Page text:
Dan in real life: Guest speaker at the College is proof that it does get better
Written by Alex Cooper|
February 6, 2012
Last year, students at the College of William and Mary created an “It Gets Better Project” video in support of LGBT youth around the country. The project, which was started after a string of suicides by young LGBT people, has inspired thousands of videos from LGBT individuals and their straight allies. The creator of the project, Dan Savage, came to the College this past week to speak on his reasons for creating it and why the “It Gets Better Project” is necessary.
This week, my friend sent me a clip from the movie “The Great Debaters,” a movie about achieving racial equality. In the clip, a woman passionately states that equality should begin today and that it should have come a long time ago. This YouTube video of a character’s passionate cry for justice reminded me of the inequality that today stems beyond race.
The Civil Rights movement isn’t over. People continue to be judged by their race and the color of their skin. Inequality is not just about race anymore. From economic inequality to marriage inequality, these social justice issues have become rallying points for students at the College who want to see their generation become the generation of equality and justice.
In the last two months, the College has heard from Dr. Cornel West and Savage, two ardent supporters of justice and equality. The fact that the College supports these individuals for their actions to fight social injustice makes me very proud to call myself a member of the Tribe. I know that some may find fault in these speakers. I have some problems with some of Savage’s views, but I wholeheartedly support the “It Gets Better Project” and the support system it provides for LGBT youth.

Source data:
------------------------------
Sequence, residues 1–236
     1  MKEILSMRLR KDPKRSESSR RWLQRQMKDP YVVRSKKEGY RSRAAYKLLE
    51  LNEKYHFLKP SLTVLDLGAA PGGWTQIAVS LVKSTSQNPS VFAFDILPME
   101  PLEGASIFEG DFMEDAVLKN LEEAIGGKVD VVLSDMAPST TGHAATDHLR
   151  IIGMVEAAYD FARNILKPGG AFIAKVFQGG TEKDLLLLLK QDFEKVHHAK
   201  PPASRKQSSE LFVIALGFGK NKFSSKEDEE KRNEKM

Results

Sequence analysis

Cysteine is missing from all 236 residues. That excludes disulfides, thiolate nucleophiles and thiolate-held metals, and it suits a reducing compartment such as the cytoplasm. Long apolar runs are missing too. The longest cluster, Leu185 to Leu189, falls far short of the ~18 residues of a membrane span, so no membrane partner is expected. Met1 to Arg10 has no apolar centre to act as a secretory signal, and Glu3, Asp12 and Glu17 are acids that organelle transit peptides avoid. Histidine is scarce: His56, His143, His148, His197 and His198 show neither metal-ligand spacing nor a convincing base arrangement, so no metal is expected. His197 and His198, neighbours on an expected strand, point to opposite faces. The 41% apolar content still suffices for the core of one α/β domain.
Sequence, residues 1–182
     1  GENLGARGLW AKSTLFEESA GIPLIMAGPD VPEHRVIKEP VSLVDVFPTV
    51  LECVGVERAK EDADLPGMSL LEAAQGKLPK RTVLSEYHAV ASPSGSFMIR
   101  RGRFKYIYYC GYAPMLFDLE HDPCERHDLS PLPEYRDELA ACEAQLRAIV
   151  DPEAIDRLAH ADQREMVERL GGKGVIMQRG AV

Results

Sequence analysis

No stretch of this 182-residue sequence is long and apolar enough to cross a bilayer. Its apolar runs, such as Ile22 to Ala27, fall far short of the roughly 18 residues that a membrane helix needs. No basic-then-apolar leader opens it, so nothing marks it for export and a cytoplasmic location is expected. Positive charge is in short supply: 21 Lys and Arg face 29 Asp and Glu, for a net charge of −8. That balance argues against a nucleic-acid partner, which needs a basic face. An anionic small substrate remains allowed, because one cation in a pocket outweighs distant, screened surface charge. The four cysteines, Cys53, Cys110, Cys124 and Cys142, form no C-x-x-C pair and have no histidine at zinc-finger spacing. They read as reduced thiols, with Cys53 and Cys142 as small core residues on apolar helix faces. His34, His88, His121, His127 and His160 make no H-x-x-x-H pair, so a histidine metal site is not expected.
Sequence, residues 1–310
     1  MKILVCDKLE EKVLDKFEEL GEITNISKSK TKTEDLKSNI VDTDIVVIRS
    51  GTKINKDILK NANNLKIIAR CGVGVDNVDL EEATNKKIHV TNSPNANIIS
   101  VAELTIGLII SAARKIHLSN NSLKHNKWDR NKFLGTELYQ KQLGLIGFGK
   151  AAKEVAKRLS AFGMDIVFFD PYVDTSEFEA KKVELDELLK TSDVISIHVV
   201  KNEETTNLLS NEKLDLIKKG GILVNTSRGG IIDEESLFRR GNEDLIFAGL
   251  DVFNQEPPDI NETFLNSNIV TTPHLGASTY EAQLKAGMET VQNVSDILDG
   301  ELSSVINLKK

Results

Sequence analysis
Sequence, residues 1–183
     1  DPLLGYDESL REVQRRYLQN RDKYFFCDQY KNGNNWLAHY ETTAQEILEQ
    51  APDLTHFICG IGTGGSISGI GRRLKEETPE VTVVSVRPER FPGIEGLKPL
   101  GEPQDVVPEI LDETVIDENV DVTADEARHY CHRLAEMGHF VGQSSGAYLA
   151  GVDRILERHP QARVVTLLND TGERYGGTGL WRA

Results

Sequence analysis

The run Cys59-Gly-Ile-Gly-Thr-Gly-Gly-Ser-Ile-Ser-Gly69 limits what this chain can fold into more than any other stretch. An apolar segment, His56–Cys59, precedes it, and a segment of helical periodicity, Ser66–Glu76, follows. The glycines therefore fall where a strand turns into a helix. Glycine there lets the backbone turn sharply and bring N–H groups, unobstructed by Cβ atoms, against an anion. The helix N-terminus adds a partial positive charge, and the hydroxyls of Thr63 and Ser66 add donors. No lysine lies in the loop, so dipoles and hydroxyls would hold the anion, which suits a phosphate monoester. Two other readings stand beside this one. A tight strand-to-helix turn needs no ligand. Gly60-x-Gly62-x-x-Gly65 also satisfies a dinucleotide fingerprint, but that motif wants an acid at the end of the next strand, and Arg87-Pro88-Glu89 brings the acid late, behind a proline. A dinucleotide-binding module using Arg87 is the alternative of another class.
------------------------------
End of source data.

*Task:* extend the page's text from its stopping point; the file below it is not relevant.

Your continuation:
The students of the College want equality, and it speaks to the College’s integrity that it enables the students to be passionate about these issues. The school is filled with active students who want to help their fellow student or fellow American or fellow human. I sometimes feel awestruck by how students here are being the change they want to see in the world. Hosting these inspiring speakers shows that the College supports its students who are social-justice minded.
Savage may have been blunt and crude, but he was also funny and engaging. His argument for equality wasn’t political; rather, it was one of justice. It was a message about preventing another young person from being rejected for who they are and from making a decision they could never take back. It was about the fact that it gets better.